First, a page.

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Striking a Balance Between Transactional & Consultative

As suppliers and manufacturers, how do we balance providing technical solutions to meet our customers’ requirements with the industry’s continuous push for commoditization of our technologies?

With the rise of new technologies such as cloud computing, tablet PCs, and consumer handheld devices that provide instant information access to millions of users worldwide, we as components suppliers are placed in a tight squeeze between higher demand for leading edge technology and a reliable and cost effective supply chain for our products and services.

Solutions perceived as unique by one customer may be perceived as “me too” by another. How do we best serve our design engineering community in a productive developmental process that will allow us to engage with them throughout the entire design cycle process, to maximize the outcome for both parties?

At {complink 11490|Bourns Inc.}, we have implemented a market-focused, consultative approach. By collaborating with our customers, we can better determine relevant technology solutions that meet specific needs or solve particular problems. We listen to our customers and conduct a thorough assessment of their needs and wants. It is not only important to assess customers’ current needs but also to explore and identify their future product design migration paths and goals.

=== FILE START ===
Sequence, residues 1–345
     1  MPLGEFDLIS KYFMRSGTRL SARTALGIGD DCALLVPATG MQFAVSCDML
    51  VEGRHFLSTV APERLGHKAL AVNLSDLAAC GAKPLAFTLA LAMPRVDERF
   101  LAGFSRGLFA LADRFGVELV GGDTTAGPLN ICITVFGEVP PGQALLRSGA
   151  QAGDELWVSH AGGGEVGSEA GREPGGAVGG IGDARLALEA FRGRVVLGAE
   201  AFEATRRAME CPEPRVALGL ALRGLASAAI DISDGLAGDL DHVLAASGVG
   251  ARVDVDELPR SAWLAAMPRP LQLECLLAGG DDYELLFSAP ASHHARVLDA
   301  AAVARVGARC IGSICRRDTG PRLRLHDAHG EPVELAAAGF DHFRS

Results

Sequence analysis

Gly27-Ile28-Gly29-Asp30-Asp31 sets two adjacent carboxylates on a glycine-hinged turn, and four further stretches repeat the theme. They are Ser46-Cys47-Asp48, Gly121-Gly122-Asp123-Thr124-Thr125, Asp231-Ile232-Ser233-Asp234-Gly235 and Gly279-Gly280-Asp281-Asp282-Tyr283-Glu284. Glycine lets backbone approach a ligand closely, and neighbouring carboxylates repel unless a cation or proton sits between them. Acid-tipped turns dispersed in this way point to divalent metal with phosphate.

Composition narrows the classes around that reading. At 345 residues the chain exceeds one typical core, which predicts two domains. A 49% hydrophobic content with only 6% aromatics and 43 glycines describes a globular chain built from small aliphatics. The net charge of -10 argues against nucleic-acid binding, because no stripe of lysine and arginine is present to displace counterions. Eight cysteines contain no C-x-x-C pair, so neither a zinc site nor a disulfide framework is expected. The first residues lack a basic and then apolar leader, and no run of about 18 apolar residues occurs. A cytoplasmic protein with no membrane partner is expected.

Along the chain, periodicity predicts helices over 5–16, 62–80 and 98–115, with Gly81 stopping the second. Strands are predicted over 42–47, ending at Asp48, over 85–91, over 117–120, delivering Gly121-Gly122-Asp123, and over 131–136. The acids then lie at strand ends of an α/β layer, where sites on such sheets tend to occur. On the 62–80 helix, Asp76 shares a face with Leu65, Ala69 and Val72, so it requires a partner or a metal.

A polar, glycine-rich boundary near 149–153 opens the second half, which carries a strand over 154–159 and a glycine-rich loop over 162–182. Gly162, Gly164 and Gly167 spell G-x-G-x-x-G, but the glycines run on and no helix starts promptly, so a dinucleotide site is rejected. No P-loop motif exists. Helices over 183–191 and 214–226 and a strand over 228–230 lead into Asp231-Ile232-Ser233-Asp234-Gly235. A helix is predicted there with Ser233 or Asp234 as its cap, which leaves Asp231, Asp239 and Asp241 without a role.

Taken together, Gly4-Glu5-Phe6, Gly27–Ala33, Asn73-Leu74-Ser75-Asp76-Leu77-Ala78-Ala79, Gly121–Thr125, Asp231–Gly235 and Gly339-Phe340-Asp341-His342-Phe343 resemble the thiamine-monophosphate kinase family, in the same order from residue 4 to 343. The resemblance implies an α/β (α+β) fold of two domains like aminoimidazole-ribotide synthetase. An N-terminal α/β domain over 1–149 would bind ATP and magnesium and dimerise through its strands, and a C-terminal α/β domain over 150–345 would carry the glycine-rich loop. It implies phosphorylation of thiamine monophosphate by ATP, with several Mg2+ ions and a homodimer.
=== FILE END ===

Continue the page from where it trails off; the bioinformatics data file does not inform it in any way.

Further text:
Trust is also an important factor, and trust takes time to develop. Our customers must come to trust that our recommendations will allow their designs to be successful. The more time and expertise we use to thoroughly evaluate a customer’s business and product needs, the more comfortable customers will be.

If customers trust our recommendations, they know that we can add value to their development cycles and ultimately to the final product or solution. This simplifies and improves upon the go-to-market process. Asking informed and intelligent questions and actively listening to customer needs helps build trust.

When we begin to hear our customers respond with, “I never thought of that!” we know that we are heading in the right direction. Once we have a comprehensive knowledge of the customer’s situation and trust is established, we are able to determine the best solutions. We're all set to work together collaboratively in the future.

As suppliers and manufacturers, we often get tangled in a reactive selling cycle where parts are needed as a result of changes in demand or lead times. Opportunistic selling has been the traditional nature of our business, but we can always improve the way we conduct business. A methodical and developmental process focused on finding solutions to meet the customer’s requirements ensures long-term success for both parties.

2 comments on “Striking a Balance Between Transactional & Consultative

  1. Barbara Jorgensen
    May 11, 2011

    Hi Sid,

    The method of “technology for technology's sake” hasn't worked for awhile, although it's easy to see why it is tempting to promote a product that has made many advancements. The customer is still king, and I agree–the best method is to work with the customer on coming to the right combination of technlogy and practicality. Thanks for your perspective!

  2. saranyatil
    May 14, 2011

    Sid,

    You pointed it right if we have to attract customers, always there needs to be a spark created in terms of ideas which will enhance their projects.

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